A negative marker can be looked at in the same manner as a positive marker (YES). The dog takes a mental snap shot in his mind of exactly what it was doing when it got the negative makers. If the trainer is consistent and only says "NO" one time the dogs catch on quickly.


When a trainer repeats "NO" several times this only confuses the dog because he must determine which mental snap shot you are referring to.


So just as you don't say "YES YES YES" when you mark a behavior you don't say "NO NO NO" when you give a negative reinforcer.


In addition you don't wait before making the dog repeat the behavior, you do it immediacy. Waiting too long will result in the dogs mind wandering off and he will not associate the negative behavior with repeating the exercise.


If a dog continues to make mistakes and does not seem to be concentrating and your pretty sure the dog understands the cue then rather than repeat the exercise the dog is given a time-out and put in his crate for a few minutes (or even end the training session).


Putting a dog in a crate is a mental break for a dog. While some dogs may look at a time-out as punishment others need the break to allow them to refocus.

Screw up Cookies


The beauty of MARKER work is it’s pretty hard to hurt your dog if you make a mistake. Missing a mark is not like giving a prong collar correction at the wrong time. Give a soft dog a prong collar correction and the dog will shut down and quit trying. Miss a mark on the same soft dog and you have not hurt the dogs temperament. Oh in marker training he may be confused but you don't shut the dog down.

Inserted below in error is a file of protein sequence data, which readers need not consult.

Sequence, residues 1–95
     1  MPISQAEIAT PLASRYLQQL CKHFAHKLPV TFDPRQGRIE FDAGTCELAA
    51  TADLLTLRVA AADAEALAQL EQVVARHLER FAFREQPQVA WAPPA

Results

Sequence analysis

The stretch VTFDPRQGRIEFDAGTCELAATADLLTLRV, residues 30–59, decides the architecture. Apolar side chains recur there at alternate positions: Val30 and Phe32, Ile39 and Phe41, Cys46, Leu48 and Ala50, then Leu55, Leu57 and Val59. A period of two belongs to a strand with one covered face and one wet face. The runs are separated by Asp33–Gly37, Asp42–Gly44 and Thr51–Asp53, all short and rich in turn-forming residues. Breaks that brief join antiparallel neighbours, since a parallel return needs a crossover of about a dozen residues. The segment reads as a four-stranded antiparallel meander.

Earlier in this article I talked about "screw up cookies" Ann Braue introduced me to "screw up cookies" and I love the concept.


There may come a time when your dog simply doesn't offer the behavior you want no matter how long you wait.


This usually indicates one of the following:

1 - The dog got tired and just slowed up or stopped trying.

2 - The dog does not have that good of a relationship with the owner.

3 - The exercise was not SPLIT into small enough pieces for the dog to understand what you wanted (you lumped the exercise).

4 - The reward is not a high enough value.

5 - The dog is not hungry enough.

5- You have not shown enough patience and allowed the dog time to work out the problem.


When your training and your dog doesn't give you the behavior you want you need to get out of the training session in a manner that still allows the dog to feel like he is still learning. YOU ALWAYS NEED TO MAKE THE DOG FEEL LIKE HE IS A LEARNER.


Just because the dog fell short of YOUR GOALS does not mean that you should jeopardize your relationship with the dog to achieve your goals. Relationships should always come first over goals.


One option that allows this to happen is to use a "screw up cookie." Here is how it works; the dog stops working, you realize the problem is one of the above, rather than give a correction or walk away you simply use a screw up cookie.
允许这种情况发生的一种选择是使用一个"screw up cookie."它是这样工作的:狗停止工作,你认识到问题是上面列出的之一,与其纠正它或离开,倒不如使用"screw up cookie"。


Using a screw up cookie means asking the dog to do something very simple that we are 100% sure he enjoys doing (IE a hand touch). When you use a "screw up cookie" you should use it two, three or 4 times in a row.
使用"screw up cookie"的意思是让狗做一些非常简单的、我们有100%把握它喜欢的事情。当你使用"screw up cookie"的时候你应该一下使用2、3、4遍。


Screw up cookie not only get you out of a problem they redirect the dogs mind away from a frustrating incident. They redirect the dog onto a task that leads to a reward and then allows you to stop your training and put your dog away on a positive note. Once that's done you can go sit down and figure out what went wrong.
“Screw up cookie”不能让你解决问题,它只是改变狗的心理,从挫败中走出来。它转而给狗一个简单的任务,完成后最终可以领到奖励,然后允许你停止训练,给狗留下一个正面的记忆。一旦完成了这些,你就可以坐下来,弄明白错误出在哪里。